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Prince William Sound, Alaska

Alaska’s State Budget Woes Are a Teachable Moment

On Friday, JLF’s Joe Coletti published a research brief on where Alaska’s budget currently stands. According to Coletti:

Alaska’s disastrous expectations of a return to high oil prices in recent years left the state making regular withdrawals (totaling $16 billion since 2014) from its savings reserve and since 2016 cutting the Permanent Fund Dividend payment to every Alaskan. Both budget ploys were also necessary because nobody wanted to cut spending on programs.

According to Coletti, the state’s current governor ran on fixing this issue:

Newly elected Gov. Mike Dunleavy in December said the state faced another $1.6 billion shortfall this year in the $11.5 billion spending plan left by his predecessor, Bill Walker. Dunleavy campaigned on a promise to restore the statutorily mandated dividend payment, which would total $3,000 per person this year instead of the $1,600 currently budgeted.

However, Coletti explains, those efforts have been challenging:

After the legislature cut spending in its budget bill, Dunleavy used his line-item veto to eliminate $400 million in spending, including $130 million for the University of Alaska, 40 percent of the system’s budget. He also agreed to keep the dividend at $1,600. Overall, he claimed the savings would cut the deficit in half. Public outcry forced the governor and legislators to restore $156 million this month, though Dunleavy has not given up despite a recall effort.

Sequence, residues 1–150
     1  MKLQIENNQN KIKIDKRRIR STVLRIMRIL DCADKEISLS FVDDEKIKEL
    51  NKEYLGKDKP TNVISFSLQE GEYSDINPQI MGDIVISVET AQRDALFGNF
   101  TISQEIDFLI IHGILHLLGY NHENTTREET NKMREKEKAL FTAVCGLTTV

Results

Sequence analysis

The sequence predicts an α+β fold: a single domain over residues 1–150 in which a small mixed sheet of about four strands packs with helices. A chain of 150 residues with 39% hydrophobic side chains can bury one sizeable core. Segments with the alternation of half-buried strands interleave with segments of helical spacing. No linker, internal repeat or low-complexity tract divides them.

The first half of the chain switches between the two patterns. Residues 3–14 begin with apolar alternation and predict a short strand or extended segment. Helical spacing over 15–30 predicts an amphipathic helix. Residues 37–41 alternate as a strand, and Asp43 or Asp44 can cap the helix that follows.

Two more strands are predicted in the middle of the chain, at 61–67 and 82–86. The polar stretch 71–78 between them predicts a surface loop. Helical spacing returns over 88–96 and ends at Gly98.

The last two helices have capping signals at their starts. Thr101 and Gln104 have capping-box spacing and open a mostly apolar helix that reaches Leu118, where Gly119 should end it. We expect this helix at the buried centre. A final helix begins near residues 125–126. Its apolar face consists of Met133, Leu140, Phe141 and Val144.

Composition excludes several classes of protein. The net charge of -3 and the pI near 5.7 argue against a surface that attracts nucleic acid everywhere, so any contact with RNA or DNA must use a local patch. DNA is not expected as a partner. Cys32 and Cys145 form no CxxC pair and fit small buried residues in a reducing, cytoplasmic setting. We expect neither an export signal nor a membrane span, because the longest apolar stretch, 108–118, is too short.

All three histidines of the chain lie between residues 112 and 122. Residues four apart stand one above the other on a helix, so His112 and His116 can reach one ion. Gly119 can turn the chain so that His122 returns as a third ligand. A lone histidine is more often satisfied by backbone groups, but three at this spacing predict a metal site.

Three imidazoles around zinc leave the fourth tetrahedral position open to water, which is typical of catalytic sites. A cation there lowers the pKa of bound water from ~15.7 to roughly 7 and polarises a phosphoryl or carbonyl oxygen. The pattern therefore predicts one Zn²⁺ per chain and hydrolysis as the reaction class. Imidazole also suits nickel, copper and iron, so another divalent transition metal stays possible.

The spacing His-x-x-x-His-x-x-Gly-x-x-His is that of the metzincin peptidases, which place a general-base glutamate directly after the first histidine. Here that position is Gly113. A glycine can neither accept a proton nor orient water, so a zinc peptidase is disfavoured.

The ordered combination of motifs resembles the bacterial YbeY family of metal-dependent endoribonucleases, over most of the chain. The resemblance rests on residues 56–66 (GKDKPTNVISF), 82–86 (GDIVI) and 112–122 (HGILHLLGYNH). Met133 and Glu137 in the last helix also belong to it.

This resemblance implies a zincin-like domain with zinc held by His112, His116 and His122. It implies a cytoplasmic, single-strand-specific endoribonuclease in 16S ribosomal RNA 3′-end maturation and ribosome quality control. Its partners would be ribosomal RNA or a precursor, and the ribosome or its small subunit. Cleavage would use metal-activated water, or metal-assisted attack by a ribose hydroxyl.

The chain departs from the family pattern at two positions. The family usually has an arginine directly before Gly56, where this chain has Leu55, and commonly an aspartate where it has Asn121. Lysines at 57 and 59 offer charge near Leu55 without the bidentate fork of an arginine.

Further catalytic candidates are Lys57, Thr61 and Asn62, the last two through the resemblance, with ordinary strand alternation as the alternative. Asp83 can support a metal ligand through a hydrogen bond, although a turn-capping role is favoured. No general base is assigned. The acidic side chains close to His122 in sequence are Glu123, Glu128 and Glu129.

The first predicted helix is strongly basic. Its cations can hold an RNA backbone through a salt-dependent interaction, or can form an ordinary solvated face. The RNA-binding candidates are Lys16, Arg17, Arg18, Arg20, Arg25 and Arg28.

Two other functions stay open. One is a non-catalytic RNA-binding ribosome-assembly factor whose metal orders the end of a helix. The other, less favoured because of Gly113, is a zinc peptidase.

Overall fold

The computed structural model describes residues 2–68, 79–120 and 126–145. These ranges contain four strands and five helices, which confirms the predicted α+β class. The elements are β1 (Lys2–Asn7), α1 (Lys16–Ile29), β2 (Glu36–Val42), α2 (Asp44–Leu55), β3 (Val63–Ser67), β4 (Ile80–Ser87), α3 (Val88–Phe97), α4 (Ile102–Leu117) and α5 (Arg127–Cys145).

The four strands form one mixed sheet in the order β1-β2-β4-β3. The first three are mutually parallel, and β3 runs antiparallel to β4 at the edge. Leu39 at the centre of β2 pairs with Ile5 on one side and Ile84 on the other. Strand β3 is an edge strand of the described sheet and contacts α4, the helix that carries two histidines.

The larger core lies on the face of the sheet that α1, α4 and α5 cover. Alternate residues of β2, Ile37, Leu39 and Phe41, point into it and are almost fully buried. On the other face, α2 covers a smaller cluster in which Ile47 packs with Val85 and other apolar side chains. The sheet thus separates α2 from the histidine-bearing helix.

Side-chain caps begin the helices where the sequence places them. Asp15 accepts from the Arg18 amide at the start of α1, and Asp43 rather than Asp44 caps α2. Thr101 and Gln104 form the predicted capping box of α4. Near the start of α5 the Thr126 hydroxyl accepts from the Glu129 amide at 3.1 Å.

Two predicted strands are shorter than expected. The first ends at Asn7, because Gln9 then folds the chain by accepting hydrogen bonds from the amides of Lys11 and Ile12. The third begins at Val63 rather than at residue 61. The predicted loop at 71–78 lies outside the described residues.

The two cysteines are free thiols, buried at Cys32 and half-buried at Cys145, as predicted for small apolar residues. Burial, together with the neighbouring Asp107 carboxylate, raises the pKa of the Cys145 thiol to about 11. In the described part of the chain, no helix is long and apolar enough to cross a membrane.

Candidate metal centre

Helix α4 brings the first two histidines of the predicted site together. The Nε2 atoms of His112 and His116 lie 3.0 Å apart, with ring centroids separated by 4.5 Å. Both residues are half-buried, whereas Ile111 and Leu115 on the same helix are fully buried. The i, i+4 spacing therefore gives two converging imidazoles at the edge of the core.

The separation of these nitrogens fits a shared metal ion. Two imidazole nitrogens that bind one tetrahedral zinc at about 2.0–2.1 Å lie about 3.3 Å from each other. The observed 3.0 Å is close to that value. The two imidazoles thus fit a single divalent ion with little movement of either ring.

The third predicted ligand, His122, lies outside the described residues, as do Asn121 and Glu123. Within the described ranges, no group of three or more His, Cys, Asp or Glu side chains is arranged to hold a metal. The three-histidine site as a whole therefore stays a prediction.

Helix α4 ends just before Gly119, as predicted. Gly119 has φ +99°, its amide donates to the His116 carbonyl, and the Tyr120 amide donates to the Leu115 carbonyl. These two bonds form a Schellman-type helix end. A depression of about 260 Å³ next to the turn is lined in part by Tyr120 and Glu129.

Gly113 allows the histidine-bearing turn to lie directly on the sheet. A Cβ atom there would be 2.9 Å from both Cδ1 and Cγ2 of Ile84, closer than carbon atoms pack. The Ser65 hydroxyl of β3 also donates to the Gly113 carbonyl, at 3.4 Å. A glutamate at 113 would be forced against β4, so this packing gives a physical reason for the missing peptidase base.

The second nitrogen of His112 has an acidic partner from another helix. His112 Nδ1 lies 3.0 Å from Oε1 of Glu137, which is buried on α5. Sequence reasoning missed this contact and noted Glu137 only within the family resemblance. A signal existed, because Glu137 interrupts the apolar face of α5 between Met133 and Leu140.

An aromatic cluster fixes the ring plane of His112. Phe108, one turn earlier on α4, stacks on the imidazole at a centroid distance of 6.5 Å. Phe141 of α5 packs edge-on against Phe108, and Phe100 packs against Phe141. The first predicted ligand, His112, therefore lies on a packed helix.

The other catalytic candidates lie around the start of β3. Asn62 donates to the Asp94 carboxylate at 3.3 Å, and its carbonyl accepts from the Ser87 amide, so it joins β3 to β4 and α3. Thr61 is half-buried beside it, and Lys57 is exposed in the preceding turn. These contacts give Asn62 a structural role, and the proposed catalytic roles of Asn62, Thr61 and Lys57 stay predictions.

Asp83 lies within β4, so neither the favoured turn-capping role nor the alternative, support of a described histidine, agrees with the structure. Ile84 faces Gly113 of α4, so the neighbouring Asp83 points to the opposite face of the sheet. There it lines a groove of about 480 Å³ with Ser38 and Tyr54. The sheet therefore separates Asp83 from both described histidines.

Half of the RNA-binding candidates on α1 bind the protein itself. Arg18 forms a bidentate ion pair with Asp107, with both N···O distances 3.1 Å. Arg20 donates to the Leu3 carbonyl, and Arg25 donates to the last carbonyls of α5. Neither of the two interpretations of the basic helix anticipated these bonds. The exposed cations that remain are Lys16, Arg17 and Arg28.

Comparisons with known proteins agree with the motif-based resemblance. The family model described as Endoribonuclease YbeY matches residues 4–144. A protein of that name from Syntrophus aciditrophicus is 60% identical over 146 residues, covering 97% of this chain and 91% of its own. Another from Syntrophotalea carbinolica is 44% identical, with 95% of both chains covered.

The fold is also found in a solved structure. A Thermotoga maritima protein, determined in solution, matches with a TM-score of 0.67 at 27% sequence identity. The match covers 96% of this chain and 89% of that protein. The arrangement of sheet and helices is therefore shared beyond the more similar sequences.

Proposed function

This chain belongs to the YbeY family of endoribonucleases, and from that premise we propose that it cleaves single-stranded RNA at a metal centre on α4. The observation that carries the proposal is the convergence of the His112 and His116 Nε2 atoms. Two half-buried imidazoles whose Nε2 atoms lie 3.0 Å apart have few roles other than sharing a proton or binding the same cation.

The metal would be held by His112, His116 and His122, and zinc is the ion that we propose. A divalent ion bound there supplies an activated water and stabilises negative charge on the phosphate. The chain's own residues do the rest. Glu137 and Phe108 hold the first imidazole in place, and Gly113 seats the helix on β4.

Alaska is still struggling to lower its spending to a sustainable amount. Coletti suggests Alaskans look at North Carolina’s recent changes as a starting point for reforms:

North Carolina provides the best example of what is possible when government spends less than it collects. Higher than expected tax revenues can help build savings or be returned to taxpayers. A number of factors helped make this possible, starting with a vibrant economy aided by an improving tax and regulatory environment that provide certainty for businesses. The first step in North Carolina, in Wisconsin, and now in Alaska, has been to recognize the limits of what government can spend on entitlements and other programs. Spending cuts are a better response to fiscal challenges than tax increases.

Read the full brief here. Learn more about North Carolina’s budget surplus here.

Brenee Goforth / Marketing and Communications Associate

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